Where Is the ROI?



I’ve worked with a wide variety of companies on social media. Whether it’s consulting, actually doing the social media strategy and content step-by-step or just working on content, there are a few questions that I hear every single time.

Where’s the ROI? What’s the point? Do people actually read this? I know I’m (insert 40, 50 or 60 years old), but I can’t imagine that people actually look at these things. Most of the time, it doesn’t matter how good the social media is or what exactly I’m posting, but they want to know exactly what the ROI is. What’s the bottom line?

This makes sense, considering that Chief Marketing Officers spend plenty of time on the insights and analytics of which marketing efforts are the most useful. As Forbes contributor Dorie Clark discussed, social media marketing has been around for a decade, and CMOs still can’t figure out if it’s doing their companies any good. The CMO Survey took the opinions of 410 CMOs, and almost half (49 percent) even said that they aren’t able to quantify whether social media has made a difference for their companies, while 36 percent said they had a good sense of qualitative, though not quantitative, results. And the most interesting finding: 66 percent of respondents say their boards and CEOs are tightening pressure to measure ROI!

So what are the big name players doing to solve this program? Well for one, Clark says that marketing budgets are beginning to include a larger investment in analytics as well as in looking at intermediate metrics like increases of fans and followers. Forbes contributor Christine Moorman agrees: “Social media has effects on customer behavior,” she says. “It may not be directly purchasing, but in the short term, people start talking, following, listening, and paying attention. But ultimately you have to be able to show there’s a long-term payoff.”

Taking care to measure analytics is no different than, say, running a print ad in a magazine. Marketers who are dissatisfied with the ROI on print ads often don’t have an accurate way of measuring that success, as elusive as it can be with print advertising. With digital, those behemoth companies like Facebook and Twitter practically make it impossible NOT to look at analytics, and there’s no excuse for not having a way to gauge success. Clear goals of where you want your social media to be, who you want it to be reaching and how that’s going to happen need to be in place before social media efforts even begin.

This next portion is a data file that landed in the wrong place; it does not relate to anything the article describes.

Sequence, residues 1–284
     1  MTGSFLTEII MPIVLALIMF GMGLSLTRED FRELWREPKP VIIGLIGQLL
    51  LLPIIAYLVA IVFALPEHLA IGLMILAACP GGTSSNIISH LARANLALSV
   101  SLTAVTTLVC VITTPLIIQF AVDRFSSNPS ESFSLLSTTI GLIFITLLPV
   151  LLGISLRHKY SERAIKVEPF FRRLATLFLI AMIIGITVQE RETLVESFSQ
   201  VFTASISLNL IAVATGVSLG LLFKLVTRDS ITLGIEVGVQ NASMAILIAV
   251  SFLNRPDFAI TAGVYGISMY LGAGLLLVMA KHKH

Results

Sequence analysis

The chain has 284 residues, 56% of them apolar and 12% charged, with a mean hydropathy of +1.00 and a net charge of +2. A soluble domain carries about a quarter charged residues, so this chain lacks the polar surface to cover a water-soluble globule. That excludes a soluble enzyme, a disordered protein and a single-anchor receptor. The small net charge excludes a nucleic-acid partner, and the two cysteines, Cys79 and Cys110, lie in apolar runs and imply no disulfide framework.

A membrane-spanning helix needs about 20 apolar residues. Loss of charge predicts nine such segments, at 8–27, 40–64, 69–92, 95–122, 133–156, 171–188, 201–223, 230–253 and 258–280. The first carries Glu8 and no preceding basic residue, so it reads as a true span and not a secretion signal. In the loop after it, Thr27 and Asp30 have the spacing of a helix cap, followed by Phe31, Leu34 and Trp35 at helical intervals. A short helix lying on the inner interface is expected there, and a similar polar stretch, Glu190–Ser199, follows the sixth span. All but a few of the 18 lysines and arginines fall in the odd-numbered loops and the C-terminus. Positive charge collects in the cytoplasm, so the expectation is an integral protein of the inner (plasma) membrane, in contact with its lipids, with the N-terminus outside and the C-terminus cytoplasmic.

At SMC, companies from Silicon Valley to New York City, agencies, small businesses and more are utilizing our services. We have proven results for small businesses from manufacturing to precision ag and everything in between! For all of these companies, we find that it works best to provide monthly metrics. These metrics will help you see who you’re getting in front of and what audience response is. There should never be a question about who your social media is reaching and how.

And like the CMOs say, social media is actually a very important way to make your marketing strategy long-term. Will daily purchases increase right away? Maybe, or maybe not, but your relevance, presence and customer attraction will increase more significantly the longer you’re on social media, and an occasionally opaque short-term ROI is a possibility, too. Look at your goals, look at your social media and find a happy medium in your strategic planning.

Reprinted by permission.

Image credit: CC by Sean MacEntee

About the author: Maggie Happe

Maggie Happe is a recent graduate of Creighton University and a contributor to Social Media Contractors.

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